Monday, November 28, 2011

Open Security Self-Test initiative

Hi folks!

I'd like to establish  Open Security Self-Test initiative:

It' will allow any user to make security audit of his gadget (laptop, tablet, smartphone) on free of charge and self-service basis.

Desc: Free wifi APs located in public places connected to special designed security audit server.
  • All users nearby will be able connect to this AP (all communication gonna be encrypted, password for connection will be included into AP's SSID )
  • After connection to AP, user's workstation security scan will be started and all user's trafic to Internet (or Internet emulation sandbox) will be monitored by NIDS.
  • In couple of minutes user will get  report about any security threats found on his workstation and short recommendations how to solve the problems including the links to updates/patches and free/trial anti-viruses.
  • All security audits will be done by open-source solutions (some commercial tools could be involved if  vendors will allow such usage)
  • Whole solution will work on free of charge basis.



Proposed architecture could use Cloud tendency: in this case  Security Audit Servers will be located in the Cloud and being connected by VPN to distributed across the world WiFi APs. APs will use modified firmware (OpenWrt) and tunnel all the traffic from connected users' gadgets to the Cloud.
It will definitely reduce the operation costs and give a great scalability, flexibility and reliability for whole solution.

1. Access Point (AP)

2. Security Audit Server/s  including:

  • Captive portal 
  • Firewall
  • Vulnerabilities  scanner/s
  • Network Intrusion Detection System (NIDS)
  • Internet connection or Internet emulation

Current implementation:

Nginx+ Bind+iptables+snort+ nmap +OpenVAS+tcpdump+Scripts


1. User  connects to public AP by his laptop, tablet or smartphone. PSK for connection included in broadcasted AP's SSID. Connection encrypted.
User get IP form DHCP and all connection attempt forwarded to Captive portal

2. Users establish connection via https with Open Security Self-Test web server.
Read end-user agreement, Accept it and start the security audit:

3. Vulnerabilities scan runs against user's device:

4.  During vulnerabilities scan and mostly after it user computer get connected to Internet (or Internet emulation). All traffic between user's device and Internet intercepted and monitored by NIDS.

5. Finally, user will get brief (with option to download full) description of security problems found and recommendations how to fix it. Recommendations will include links to vendors' patches, updates and free and trial antivirus software.

During security audit process user will see progress bar and will be able surf Internet.

Current stage: Alfa-testing.  Scheduled for  first implementation on late February, Montreal, QC.

Solution could be implemented on a stand-alone basis in public places or as a part of current free-WiFi access infrastructure. Showing advertisement to a users during the scan will allow using some commercial security audit solution or ,even, make project profitable.

Friday, November 18, 2011

canary in a coal mine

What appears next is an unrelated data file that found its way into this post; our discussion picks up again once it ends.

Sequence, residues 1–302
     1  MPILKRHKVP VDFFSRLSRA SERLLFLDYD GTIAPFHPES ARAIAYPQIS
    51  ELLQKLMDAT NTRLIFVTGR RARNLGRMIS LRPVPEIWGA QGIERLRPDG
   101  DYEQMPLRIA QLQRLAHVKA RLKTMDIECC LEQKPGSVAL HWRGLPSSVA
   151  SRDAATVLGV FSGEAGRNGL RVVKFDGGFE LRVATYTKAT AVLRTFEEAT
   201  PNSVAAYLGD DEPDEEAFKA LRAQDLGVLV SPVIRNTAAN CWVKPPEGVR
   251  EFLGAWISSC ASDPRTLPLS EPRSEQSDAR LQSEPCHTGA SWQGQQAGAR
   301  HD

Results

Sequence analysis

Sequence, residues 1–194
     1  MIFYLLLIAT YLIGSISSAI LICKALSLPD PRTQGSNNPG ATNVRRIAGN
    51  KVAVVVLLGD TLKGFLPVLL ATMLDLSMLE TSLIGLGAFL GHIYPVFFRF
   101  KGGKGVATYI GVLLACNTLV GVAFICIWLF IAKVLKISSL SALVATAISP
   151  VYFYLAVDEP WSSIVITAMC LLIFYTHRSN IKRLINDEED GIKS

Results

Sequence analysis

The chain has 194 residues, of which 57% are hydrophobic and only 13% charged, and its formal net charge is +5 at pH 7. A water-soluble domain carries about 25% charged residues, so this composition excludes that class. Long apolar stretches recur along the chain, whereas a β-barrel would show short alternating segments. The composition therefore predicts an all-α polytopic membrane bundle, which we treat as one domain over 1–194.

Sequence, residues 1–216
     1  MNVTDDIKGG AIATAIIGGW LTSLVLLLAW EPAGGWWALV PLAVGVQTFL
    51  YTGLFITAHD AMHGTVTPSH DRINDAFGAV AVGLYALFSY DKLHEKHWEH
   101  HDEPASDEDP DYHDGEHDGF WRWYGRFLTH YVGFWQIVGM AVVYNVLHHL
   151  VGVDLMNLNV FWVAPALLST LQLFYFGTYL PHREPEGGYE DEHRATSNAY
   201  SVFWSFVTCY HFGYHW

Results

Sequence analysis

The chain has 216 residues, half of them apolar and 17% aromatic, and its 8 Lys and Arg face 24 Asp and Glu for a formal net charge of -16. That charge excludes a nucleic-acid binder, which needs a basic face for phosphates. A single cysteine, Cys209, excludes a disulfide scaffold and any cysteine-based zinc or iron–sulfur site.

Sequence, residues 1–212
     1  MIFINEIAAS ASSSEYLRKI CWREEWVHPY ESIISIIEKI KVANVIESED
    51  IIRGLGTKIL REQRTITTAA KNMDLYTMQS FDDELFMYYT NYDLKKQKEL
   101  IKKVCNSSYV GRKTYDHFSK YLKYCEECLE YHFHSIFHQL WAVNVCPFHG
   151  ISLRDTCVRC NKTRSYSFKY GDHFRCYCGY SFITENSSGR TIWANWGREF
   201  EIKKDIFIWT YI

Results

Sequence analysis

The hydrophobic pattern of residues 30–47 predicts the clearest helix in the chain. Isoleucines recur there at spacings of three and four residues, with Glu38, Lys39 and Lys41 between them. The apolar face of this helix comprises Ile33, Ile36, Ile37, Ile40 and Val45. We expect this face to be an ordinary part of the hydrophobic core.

Simple couple of string on high critical servers that could save your ass .

add to root or your user  .bash_profile following string:

echo $SSH_CONNECTION | sed 's/\(.*\) \(.*\) \(.*\) \(.*\)/ Remote root ssh login detected from  \1:\2 to '"`hostname`"' IP \3 Port \4/' | mail -s "Remote root ssh login warning"

Instead of email you can put your phone_number@your_operator.sms.gateway - and get sms like this:

Remote root ssh login detected from to IP Port 22

almost  immediately after root user login.

Stay informed!

Monday, November 7, 2011

ssh - Knockin' on Heaven's Door

Using both: port knocking technology and trusted networks for secure ssh access:

The key feature of this method is using ssh daemon listening on 2 diff ports:

# What ports, IPs and protocols we listen for
Port 22
Port 3054

and iptables.

1. "Normal" ssh port (22) will be available only from trusted subnets
2.  "New"ssh port (3054) will be available on demand (well known port knocking technology )


1. Create new chain:

iptables -N SSH

2.  add it as action to our 2 ssh ports and 1 knocking port

iptables -A INPUT -p tcp -m tcp --dport 22 --syn  -j SSH
iptables -A INPUT -p tcp -m tcp --dport 3054 --syn  -j SSH
iptables -A INPUT -p tcp -m tcp --dport 3055 --syn  -j SSH

3. add rules to our SSH chain
--- add rule for trusted subnet:
iptables -A SSH  -s -p tcp -m tcp --dport 22 -j ACCEPT -m comment --comment "Trusted subnet"

---add rule for knock port using recent iptables module:  add packet source to "recent" :
iptables -A SSH -p tcp -m tcp --dport 3055 --syn -m recent --set     --name ssh --rsource -j REJECT --reject-with tcp-reset

--- allow to connect to "new" ssh port within 30 second interval from the IP used to knock
iptables -A SSH -p tcp -m tcp --dport 3054 --syn -m recent --rcheck --seconds 30 --name ssh --rsource -j ACCEPT

That's it. To knock knock simple use: telnet "IP" 3055 and after that you have 30 second to connect.

It will allow you to use ssh and ssh-based tools as usual from trusted location, always be able to connect to server from any location around the world and reduce amount of alerts getting form your HIDS.

PS. Not forget about turning on SSH public key based authentication  and switching PasswordAuthentication to "no".

inspired by